Conclusion: F(max) and W(s) are useful parameters for characterizing the handling-stickiness of resin-composite materials, additional to previously reported stickiness-strain or 'peak-height'. The resin-composites investigated could be differentiated, mostly showing increases in F(max) and W(s) stickiness with increased temperature and probe-withdrawal speed.
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http://dx.doi.org/10.1016/j.dental.2011.04.005DOI Listing
August 2011

Effect of filler particle size and morphology on force/work parameters for stickiness of unset resin-composites.

Dent Mater 2009 Dec 9;25(12):1585-92. Epub 2009 Sep 9.

School of Dentistry, University of Manchester, Manchester, UK. dr

Objectives: To investigate the effect of variation in filler particle size and morphology within an unset model series of resin-composites on two stickiness parameters: (1) maximum probe separation-force and (2) work-of-separation. This study was to complement previously reported measurements of composite stickiness in terms of a strain-parameter, 'peak-height'.

Materials And Methods: Eleven experimental light cured resin-composites were selected. All had the same matrix (Bis-GMA, UDMA and TEGDMA, with 0.33% camphoroquinone) and the same filler volume fraction-56.7%, however filler particles varied in size and shape and were either unimodal or multimodal in size-distribution. Each material was placed in a cylindrical mould (phi=7mmx5mm depth) held at 26 or 37 degrees C. The maximum force (F(max), N) and work of probe-separation (W(s), Nmm) were measured. A flat-ended stainless-steel probe (phi=6mm) was mechanically lowered onto and into the surface of the unset sample, until a compressive force of 1N was reached, which was held constant for 1s. Then the probe was moved vertically upward at a constant speed; either 2 or 8mm/s. The tensile force produced on the probe by the sticky composite was plotted against displacement and the maximum value was identified (F(max)). W(s) was obtained as the integrated area. Data was analyzed by multivariate ANOVA and multiple pair-wise comparisons using a Tukey post hoc test to establish homogenous subsets (at p=0.05) for F(max) and a Games-Howell was used for W(s).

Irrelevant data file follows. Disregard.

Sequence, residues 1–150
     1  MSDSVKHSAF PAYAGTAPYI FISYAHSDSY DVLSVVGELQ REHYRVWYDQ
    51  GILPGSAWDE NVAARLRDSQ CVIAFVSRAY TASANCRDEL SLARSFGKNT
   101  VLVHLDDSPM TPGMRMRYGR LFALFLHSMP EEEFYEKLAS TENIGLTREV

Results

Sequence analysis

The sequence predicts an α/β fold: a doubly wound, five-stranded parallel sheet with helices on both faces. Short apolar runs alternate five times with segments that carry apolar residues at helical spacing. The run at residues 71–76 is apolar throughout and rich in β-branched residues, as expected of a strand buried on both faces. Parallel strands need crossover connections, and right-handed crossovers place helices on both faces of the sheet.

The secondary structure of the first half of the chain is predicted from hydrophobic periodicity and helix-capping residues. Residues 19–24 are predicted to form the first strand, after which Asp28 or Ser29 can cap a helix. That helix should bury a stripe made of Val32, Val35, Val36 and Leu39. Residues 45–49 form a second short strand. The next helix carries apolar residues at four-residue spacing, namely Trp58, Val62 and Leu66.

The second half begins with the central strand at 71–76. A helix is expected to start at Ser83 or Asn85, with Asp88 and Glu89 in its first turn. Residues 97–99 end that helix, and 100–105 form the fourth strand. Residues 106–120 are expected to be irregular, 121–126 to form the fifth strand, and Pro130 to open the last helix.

Results: As potential measures of stickiness, F(max) and W(s) showed more coherent trends with fillersize when measured at the lower of the two probe speeds, 2mm/s. For unimodal resin-composite F(max) ranged from 1.04 to 5.11N and W(s) from 0.48 to 11.12Nmm. For the multimodal resin-composite they ranged from 1.64 to 4.13N and from 2.32 to 8.34Nmm respectively. Temperature increase tended to slightly reduce F(max), although this trend was not consistent. W(s) generally increased with temperature.

Conclusion: Filler particle size and morphology influences F(max) and W(s) of uncured resin-composite which partly express the handling behaviors of resin-composites.
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http://dx.doi.org/10.1016/j.dental.2009.08.002DOI Listing
December 2009